Recent News View all Recent News »

What to do if Your Basement is Damp or Flooded

Categorized: Healthy Families, Health & Wellness

BROOKINGS, S.D. - If the recent rain storms left your basement damp or flooded, it is important that you deal with the moisture soon to prevent mold and mildew from moving in, said Marjorie Zastrow, former SDSU Extension Nutrition Field Specialist.

"The most important thing for homeowners to do now is to check for dampness or water seepage throughout potentially affected areas of your home, particularly storage areas and room corners. Remove items which are dampened/saturated with water or moisture," Zastrow said.

Zastrow says homeowners can begin removing the water themselves using a wet vacuum. If the basement is carpeted, she says they may not be able to get all the moisture up unless they remove both the carpet and pad. She suggests hanging the carpet outdoors weather permitting; padding is often too dense to thoroughly dry without altering its integrity so it is often replaced.

If there was sewage seepage or back up refer to the SDSU Extension AnswerLine at 1.888.393.6336 from 9 a.m. to 4 p.m. CST for specific clean-up methods and precautions.

If the basement was flooded or water wicked up or ran down the wall(s), homeowners may need to remove a portion of the wall board and insulation to allow the wall cavity to thoroughly dry. It is generally recommended that the sheet rock be removed 12 inches above the saturation line.

"Once the water is gone, it is important that you do a thorough job cleaning and dehumidifying," Zastrow said. "This may involve the removal of items such as flooring; trim boards, items stored in closets and dressers."

Once items are removed, Zastrow says to thoroughly clean the walls and floor with an all purpose, non-sudsing or commercial cleaner.

"Cleaning not only removes the mold spores, but will remove the food (dirt, grim) which mold spores feed on," she said.

When washing walls, wash and rinse from the bottom up.

If you choose, you can sanitize, but sanitation will not clean the area. To sanitize, use ¼ cup bleach/1 gallon water for areas which have been cleaned, and up to 1½ cups bleach/1 gallon water for areas which could not be cleaned.  Be sure to test the bleach on the area to know that it will not damage the surface. The bleach water should remain on the area 15 minutes before removing. Lastly, never mix bleach with any product containing ammonia as a caustic gas can be formed.

In the day's to come you may notice the growth of mold. Molds can be detected by sight, or a damp musty odor. It is generally recommended that if you see mold or have the damp musty odor that you expend your resources to deal with the mold, rather than specifically identify the type mold you have. "Whether it is black, blue, green, orange or yellow; mold can cause health issues for many," she said.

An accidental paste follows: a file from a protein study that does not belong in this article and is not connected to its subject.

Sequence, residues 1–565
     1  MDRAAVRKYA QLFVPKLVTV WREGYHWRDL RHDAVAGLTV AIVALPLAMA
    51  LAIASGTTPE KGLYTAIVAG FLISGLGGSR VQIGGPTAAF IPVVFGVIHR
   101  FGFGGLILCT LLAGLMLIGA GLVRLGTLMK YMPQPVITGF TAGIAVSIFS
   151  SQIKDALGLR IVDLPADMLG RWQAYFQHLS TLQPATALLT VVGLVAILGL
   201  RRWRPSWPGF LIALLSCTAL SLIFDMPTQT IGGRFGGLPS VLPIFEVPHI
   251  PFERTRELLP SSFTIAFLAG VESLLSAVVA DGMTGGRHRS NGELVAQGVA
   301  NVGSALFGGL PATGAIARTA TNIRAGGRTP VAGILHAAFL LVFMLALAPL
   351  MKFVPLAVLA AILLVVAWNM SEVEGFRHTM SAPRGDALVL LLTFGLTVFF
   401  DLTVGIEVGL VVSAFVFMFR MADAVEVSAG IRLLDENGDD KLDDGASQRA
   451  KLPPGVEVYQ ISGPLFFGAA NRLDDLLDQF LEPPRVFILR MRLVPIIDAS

40 to 60 percent humidity is ideal

After the area is cleaned, it is critical that it be dehumidified.

"Mildew will grow in an environment with 60 percent or more humidity," Zastrow said. "The recommended range of humidity for living spaces is 40-60 percent."

If you have a large space, or a number of rooms, you may need to operate more than one dehumidifier.

"You can operate fans to slightly circulate the air, but the fan itself will not remove moisture from the environment," she said. Also, be cautious about opening windows, with the ground saturation there is likely more moisture outside than inside; so if you are operating a dehumidifier you are likely losing ground by opening windows.

As you replace items, be sure to allow for good air circulation.

"Having closets packed, or use of cardboard boxes for storage only contributes poor air circulation and holding of dampness which will contribute to mold growth.  Also, keeping furniture away from the walls and opening up closet doors will aid in good air circulation," Zastrow said.

If textile items were dampened or have a musty odor, it is recommended that they be washed to avoid mildew growth. Damp or wet items left in a pile provide an ideal environment for mold growth. Flood soaked or damp items generally can be washed.

"Be careful not to overload the washer, use a heavy liquid duty detergent and add 1 cup of liquid chlorine bleach per wash load if you choose to sanitize items," she said.

When washing clothes, Zastrow recommends filling the washer first with water and using the hottest water safe for the fabric. Add the detergent and bleach to the water before the clothing. For fabrics such as wool and silk, or those with bright colors, use a non-chlorine bleach.  Some clothing articles may recommend dry cleaning.  For dry cleanable items, damp rinse the item with cold water and then take to the dry cleaner.

If clothes are wet or mud soaked, she says they should be rinsed in a bucket/tub before washing to remove any chunks of debris so the washer is not damaged. They may need to be washed two times.

"If a home washer is available, they can be rinsed and spun out, skipping the first washing step, then followed by a pre-soak and wash," Zastrow said.

As you are cleaning your space which has been flooded or has had moisture seepage, you may also consider washing the wall décor items with an appropriate all purpose detergent and window treatments with appropriate washing methods. For fabric blinds refer to the care label for washing instructions.

She cautions homeowners from returning items to the basement too soon as it may take a few weeks to several months to dry your basement out and control the humidity.

"Moving all the belongings in too soon can inhibit the drying process and contribute to mold/mildew growth," she said.

For more information on flooding clean up and contact AnswerLine at 1.888.393.6336 from 9 a.m. to 4 p.m. CST or on our Flooding page.

blog comments powered by Disqus